Leaf of the Day:Samara of the Southern Red Maple

Today, to get back to painting, a study of one of the small samaras of the Southern Red Maple Acer rubrum v trilobum, native to Eastern United States and growing at Leu down by the lake overlook, with a small companion Sugar Maple, Acer saccarum ssp Foridanum nearby. There were bunches of these pretty winged seeds all over the ground a couple of weeks ago and I think, had I painted this one immediately, the colours would have been brighter. It’s very small, only 2.5 inches from the top of the wing to the bottom of the stem
This particular variety is distinguished from the regular Acer rubrum by its smaller and 3 lobed rather than 5 lobed leaves, which generally turn yellow rather than red in the autumn.

Trilobum leaves

Staminate, Male Flowers
These super photos by Will Cook, from the excellent reference page at “Trees, Shrubs, and Woody Vines of North Carolina” site here

These beautiful small flowers are also much loved by bees in the spring, and the more I learn about bees, the more concerned I am about them, and the need to plant and encourage bee friendly plants.

And the Red Maple is not only beautiful but useful. The early European settlers learnt how to utilise the maples from the native Indians and the Red Maple was used amongst other things to make ink and dye stuffs. Peter Kalm the student of Linneus wrote of the Red Maple in 1750, “Out of its wood they make plates, spinning wheels, spools, feet for chairs and beds and many other kinds of turnery. With the bark they dye both worsted and linen, giving it a dark blue color.”

Despite the icy temperatures of last week we haven’t seen snow here but those in northern climes must welcome the splash of colour from this lovely tree.
Here is a description from Donald Culross Peattie’s “Trees of Eastern and Central North America” again.
” All seasons of the year the Red Maple has something red about it. In winter the buds are red, growing a brilliant scarlet as winter ends, the snow begins to creep away and the ponds to brim with chill water and trilling frog music. So bright in fact that if one takes an airplane flight anywhere across the immense natural range of this tree one can pick out the red Maples by the promise of spring in their tops, for no other tree quite equals them at this season in quality or intensity of colour.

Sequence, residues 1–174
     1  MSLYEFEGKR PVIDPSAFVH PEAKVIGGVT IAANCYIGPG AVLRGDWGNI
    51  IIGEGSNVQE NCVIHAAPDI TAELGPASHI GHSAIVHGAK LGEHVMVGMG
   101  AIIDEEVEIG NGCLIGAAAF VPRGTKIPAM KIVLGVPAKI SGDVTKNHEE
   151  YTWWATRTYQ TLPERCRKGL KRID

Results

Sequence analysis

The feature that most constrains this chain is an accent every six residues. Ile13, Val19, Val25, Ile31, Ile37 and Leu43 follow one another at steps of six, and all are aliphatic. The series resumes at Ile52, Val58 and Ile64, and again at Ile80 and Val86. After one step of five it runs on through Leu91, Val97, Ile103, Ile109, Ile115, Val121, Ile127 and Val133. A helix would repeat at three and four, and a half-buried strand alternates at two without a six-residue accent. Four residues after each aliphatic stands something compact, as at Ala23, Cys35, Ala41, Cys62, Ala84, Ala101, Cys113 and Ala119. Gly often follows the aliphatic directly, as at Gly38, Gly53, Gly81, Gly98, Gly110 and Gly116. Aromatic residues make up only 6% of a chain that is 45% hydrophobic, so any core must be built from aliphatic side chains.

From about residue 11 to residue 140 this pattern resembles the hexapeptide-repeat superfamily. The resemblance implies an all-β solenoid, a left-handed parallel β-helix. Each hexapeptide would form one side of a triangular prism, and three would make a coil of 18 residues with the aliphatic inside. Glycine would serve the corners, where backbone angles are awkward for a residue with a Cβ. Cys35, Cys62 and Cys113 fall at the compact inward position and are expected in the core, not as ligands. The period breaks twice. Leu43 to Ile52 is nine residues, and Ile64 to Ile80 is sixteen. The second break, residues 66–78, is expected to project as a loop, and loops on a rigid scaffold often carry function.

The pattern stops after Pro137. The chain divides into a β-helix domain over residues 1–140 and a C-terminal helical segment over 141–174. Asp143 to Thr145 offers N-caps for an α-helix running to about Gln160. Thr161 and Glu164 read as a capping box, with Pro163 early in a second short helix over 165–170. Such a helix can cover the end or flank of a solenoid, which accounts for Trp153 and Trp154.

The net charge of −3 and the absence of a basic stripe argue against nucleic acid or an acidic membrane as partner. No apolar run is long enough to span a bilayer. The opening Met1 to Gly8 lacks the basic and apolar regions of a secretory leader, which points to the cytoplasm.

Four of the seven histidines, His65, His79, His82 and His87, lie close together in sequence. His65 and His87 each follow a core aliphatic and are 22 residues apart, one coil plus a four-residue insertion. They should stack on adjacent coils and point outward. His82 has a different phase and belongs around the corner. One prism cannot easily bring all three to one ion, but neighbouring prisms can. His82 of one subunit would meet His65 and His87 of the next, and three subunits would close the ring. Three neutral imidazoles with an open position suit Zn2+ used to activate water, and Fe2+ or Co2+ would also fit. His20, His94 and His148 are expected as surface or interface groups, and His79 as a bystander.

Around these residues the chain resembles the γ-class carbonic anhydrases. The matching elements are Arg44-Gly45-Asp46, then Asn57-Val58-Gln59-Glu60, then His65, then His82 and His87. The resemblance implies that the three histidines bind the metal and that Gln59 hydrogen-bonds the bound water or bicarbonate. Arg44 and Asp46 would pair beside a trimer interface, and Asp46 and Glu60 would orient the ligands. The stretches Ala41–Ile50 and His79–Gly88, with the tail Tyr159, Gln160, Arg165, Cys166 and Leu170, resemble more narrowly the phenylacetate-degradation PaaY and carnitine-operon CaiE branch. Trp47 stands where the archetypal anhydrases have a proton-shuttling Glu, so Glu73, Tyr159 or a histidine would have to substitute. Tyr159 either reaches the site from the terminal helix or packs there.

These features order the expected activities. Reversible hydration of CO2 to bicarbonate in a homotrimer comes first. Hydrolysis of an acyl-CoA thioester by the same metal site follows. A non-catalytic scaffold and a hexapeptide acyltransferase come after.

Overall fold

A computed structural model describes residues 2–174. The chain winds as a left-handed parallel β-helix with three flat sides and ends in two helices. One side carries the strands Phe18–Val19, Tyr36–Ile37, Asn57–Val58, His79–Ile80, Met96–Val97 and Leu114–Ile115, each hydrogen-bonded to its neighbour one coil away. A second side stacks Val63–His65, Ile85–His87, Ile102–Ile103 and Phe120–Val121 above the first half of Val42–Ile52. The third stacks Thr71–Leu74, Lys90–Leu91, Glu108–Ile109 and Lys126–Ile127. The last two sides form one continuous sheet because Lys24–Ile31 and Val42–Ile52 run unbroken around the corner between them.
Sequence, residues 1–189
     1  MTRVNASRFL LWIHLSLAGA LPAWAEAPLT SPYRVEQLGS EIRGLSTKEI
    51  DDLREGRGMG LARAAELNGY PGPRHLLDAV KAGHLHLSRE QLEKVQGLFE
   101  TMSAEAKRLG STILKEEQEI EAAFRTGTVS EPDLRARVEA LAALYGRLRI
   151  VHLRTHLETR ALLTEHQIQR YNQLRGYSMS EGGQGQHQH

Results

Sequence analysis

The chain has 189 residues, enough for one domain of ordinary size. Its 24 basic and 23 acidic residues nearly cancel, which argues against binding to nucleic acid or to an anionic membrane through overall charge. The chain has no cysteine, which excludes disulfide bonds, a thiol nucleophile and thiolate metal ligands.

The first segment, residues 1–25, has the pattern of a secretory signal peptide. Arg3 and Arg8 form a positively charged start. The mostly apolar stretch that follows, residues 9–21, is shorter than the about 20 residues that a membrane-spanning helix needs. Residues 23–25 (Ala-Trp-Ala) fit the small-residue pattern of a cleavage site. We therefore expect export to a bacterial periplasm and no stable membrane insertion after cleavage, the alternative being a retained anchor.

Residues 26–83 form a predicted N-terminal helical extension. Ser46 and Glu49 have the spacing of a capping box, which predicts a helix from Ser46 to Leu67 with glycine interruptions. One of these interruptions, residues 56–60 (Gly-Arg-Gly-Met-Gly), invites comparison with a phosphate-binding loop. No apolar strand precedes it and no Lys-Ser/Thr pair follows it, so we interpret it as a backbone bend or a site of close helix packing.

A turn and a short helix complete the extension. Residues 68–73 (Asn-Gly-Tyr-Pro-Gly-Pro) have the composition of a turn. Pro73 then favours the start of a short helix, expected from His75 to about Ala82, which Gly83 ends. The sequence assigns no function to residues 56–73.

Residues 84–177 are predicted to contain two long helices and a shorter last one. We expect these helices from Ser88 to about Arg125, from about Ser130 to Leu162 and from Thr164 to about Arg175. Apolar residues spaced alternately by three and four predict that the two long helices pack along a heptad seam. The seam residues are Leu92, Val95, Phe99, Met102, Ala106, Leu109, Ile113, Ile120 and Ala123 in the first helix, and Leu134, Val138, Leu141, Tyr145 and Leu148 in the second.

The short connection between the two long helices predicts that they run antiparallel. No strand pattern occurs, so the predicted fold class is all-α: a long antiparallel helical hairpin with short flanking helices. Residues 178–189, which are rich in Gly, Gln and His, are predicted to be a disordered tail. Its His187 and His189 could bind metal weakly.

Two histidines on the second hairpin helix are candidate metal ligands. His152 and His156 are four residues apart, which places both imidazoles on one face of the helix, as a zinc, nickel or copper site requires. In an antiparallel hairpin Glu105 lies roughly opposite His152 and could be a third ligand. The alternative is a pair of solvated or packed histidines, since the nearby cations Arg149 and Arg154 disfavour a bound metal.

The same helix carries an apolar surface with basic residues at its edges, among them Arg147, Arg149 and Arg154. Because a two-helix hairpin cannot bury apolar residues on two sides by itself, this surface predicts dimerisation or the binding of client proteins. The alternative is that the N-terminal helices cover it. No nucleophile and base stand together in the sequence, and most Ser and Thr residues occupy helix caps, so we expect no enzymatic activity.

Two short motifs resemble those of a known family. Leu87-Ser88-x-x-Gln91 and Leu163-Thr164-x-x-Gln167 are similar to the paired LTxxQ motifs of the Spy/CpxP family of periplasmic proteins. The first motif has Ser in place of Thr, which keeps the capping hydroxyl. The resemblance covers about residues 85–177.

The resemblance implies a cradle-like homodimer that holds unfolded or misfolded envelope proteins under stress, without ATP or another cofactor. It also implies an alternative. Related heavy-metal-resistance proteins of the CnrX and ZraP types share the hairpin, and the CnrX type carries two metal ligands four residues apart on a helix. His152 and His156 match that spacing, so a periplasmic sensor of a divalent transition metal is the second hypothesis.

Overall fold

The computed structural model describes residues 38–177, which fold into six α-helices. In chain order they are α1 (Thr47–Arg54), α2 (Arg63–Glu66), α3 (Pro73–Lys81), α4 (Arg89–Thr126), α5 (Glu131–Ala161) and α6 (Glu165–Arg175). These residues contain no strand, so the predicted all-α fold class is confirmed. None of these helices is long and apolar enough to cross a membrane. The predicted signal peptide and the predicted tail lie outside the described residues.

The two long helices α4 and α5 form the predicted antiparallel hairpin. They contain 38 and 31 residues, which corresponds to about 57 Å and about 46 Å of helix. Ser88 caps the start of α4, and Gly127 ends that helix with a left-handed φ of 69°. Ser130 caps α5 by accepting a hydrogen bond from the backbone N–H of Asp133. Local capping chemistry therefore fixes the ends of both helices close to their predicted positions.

Ah… the promise of spring, doesn’t that lift your spirits? We already have more vocal birds here and yes, the frogs are getting noisier too..


Red Maple Samara

Size, 3.5 “. Watercolour on Arches HP

Leaf of the Day:The Maple

This is my last post of January and I am glad I managed to keep up one drawing every day. I am now in England away from the internet so unable to post with an image for about 10 days but hopefully will be doing some drawing every day… English leaves this time. I will post the results when I return.

While doing my daily drawings I have been working, bit by bit, on a more detailed study. Like many other artists I chose a maple leaf to draw. My main reason was to have something that would not wilt immediately and which I could leave and come back to over a space of about a week.
This dried leaf is one of many that have been blowing around the apartment, they are not there for long as 3 men clad in combat gear with ferocious blowers come often to round up these offending untidy leaves. They are then put in the dumpster.. dustbin to us Brits. Just one of the many words which sometimes make my conversations here completely incomprehensible to both parties. Use of the ‘wrong’ words in America can land you in deep and embarrassing trouble… but then you know that!
It seems a shame in some ways to reduce the yellows and oranges of this pretty leaf to greys but it was interesting to try to work out the tonal values.
I had to photograph it this time and I find that many of the subtle tones are lost, but it’s not too bad.

I now have to move onto more complicated studies so posting a drawing every day will perhaps prove impossible but I am aiming for 5 a week in February… we will see !

Maple Leaf